Page 225 - Jewish Book Annual Volume 25

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— A
mer ican
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branches of literary creativity as well, helped develop in America
a center of literary productivity second in importance only to
that of Palestine. The value of their efforts was enhanced all the
more by the fact that the Hebrew literary center in Eastern
Europe was rapidly entering into a period of decline. Th e poets
sensed that theirs was an historic mission and they responded with
a burst of creative endeavor.
The hopes for the future of American Hebrew letters ran high.
In 1927, when Daniel Persky surveyed the field o f American
Hebrew letters in the 5th anniversary volume o f
H a d o a r ,
he was
able to list 110 writers who were active in various fields of literary
work. Then , as now, virtually none of the writers made their living
from Hebrew writing. Over half were engaged in Hebrew
In 1943 Menachem Ribalow, editor of
H a d o a r ,
who perhaps
more than any other single individual was responsible for the
fostering and encouraging of American Hebrew writing, reviewed
the fruits of Hebrew literary creativity in America between the
two World Wars. His review appeared in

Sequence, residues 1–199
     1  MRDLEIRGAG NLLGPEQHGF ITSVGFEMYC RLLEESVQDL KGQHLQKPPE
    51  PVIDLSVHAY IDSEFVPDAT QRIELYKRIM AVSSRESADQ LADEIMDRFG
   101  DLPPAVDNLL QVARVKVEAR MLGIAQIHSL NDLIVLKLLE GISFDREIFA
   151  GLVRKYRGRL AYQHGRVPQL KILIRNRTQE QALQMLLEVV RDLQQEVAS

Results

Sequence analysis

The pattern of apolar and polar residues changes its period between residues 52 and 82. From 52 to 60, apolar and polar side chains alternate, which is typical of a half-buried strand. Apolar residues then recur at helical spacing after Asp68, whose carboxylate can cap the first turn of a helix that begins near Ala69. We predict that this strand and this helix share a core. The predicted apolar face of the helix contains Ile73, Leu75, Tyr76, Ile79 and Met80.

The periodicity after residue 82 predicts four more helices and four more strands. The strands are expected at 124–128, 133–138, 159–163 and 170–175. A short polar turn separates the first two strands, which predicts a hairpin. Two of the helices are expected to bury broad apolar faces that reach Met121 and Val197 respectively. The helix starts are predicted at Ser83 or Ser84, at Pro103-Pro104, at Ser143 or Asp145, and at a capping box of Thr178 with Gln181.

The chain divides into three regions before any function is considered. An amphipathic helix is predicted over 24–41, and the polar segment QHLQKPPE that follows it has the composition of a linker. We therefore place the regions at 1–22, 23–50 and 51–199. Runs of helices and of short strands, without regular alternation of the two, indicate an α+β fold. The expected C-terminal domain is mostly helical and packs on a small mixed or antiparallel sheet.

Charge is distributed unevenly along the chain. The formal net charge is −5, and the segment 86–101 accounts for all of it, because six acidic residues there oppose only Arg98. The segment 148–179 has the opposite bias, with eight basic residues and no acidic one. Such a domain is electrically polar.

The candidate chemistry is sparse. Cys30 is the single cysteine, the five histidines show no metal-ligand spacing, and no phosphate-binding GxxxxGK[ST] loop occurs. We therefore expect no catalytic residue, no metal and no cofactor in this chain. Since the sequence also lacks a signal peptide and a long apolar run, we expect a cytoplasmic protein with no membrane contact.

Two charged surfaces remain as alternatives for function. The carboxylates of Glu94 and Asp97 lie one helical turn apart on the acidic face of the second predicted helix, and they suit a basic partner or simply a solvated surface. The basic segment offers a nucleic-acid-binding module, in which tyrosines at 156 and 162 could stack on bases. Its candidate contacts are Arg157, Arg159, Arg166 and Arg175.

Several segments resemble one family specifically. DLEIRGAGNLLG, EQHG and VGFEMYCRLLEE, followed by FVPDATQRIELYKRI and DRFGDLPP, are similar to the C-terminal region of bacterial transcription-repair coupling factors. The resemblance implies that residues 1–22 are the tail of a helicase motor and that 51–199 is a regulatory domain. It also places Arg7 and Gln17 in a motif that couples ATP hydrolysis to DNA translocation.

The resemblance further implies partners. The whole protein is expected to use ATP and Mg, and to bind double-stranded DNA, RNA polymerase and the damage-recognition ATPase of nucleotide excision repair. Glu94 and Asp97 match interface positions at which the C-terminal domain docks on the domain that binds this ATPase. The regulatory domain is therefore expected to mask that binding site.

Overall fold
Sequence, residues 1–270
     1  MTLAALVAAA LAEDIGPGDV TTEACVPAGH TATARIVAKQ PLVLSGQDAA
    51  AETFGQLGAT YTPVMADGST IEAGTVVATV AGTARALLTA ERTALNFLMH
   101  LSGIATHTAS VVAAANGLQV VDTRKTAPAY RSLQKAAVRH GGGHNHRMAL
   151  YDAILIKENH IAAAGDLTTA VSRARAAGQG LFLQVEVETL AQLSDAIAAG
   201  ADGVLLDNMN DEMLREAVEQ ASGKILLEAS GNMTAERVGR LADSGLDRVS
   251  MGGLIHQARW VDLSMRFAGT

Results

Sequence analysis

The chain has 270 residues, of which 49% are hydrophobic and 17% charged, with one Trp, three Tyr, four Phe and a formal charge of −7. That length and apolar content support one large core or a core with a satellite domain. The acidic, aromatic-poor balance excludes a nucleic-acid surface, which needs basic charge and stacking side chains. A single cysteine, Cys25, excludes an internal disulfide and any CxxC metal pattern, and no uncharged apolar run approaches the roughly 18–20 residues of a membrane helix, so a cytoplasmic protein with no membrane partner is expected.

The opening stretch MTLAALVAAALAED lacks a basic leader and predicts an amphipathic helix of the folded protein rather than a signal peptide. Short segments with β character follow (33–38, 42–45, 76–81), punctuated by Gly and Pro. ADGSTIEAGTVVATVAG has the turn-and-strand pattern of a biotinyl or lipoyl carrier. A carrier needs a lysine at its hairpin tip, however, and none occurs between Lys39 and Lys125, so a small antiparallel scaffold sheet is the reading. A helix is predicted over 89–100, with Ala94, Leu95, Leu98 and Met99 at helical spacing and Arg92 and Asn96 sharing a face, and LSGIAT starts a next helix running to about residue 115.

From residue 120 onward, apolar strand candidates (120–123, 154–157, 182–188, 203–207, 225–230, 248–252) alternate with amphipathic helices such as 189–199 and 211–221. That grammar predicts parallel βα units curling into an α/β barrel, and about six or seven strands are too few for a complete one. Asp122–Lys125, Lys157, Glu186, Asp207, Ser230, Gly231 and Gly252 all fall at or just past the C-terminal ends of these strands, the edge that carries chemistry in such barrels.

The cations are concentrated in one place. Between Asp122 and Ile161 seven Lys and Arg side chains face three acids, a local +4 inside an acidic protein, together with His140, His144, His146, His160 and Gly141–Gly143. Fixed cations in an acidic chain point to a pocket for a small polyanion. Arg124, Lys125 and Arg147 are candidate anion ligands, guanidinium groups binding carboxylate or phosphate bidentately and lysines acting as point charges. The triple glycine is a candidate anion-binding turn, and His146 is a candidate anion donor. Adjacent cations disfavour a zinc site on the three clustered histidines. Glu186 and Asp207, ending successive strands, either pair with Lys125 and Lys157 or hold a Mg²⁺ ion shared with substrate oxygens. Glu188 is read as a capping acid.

A h ise fe r ,
a volume de-
voted to studies in the literature and language of the Jews, and
was highly optimistic. When he penned this survey, the leading
American Hebrew writers who had come from overseas were still
with us. According to his estimate, “there were close to 120 He-
brew writers and scholars who had bu ilt an edifice which would
Ribalow was of the opinion that, due to the efforts of these
writers, “Hebrew literature in this country had become a basic
and indispensable part of the cultural life of the Jewish commu-
nity in America.” He was sanguine also regarding the future of
American Hebrew letters, for he could not conceive o f a creative
Jewish community in which the Hebrew language and literature
would be allowed to languish.
Undoubtedly, the hopes of Ribalow and other leading Hebraists
were buoyed up by the appearance during the 30’s and 40's of a
group of young Hebrew writers, all of whom were educated in
America and some even born here. These young talents had begun
to publish their creative efforts in a journal of their own called
N iv .
R ibalow stressed that the needs of Jewish history and the
affinity of American culture for the Bible and Hebraic values
were factors that could be counted upon to further the develop-
ment of Hebrew letters on American soil. Term ing the years
between the two World Wars a “period of transition,” Ribalow
hopefully concluded, “What has been done until now w ill serve
as the basis for continuation, a seed planted for the future.”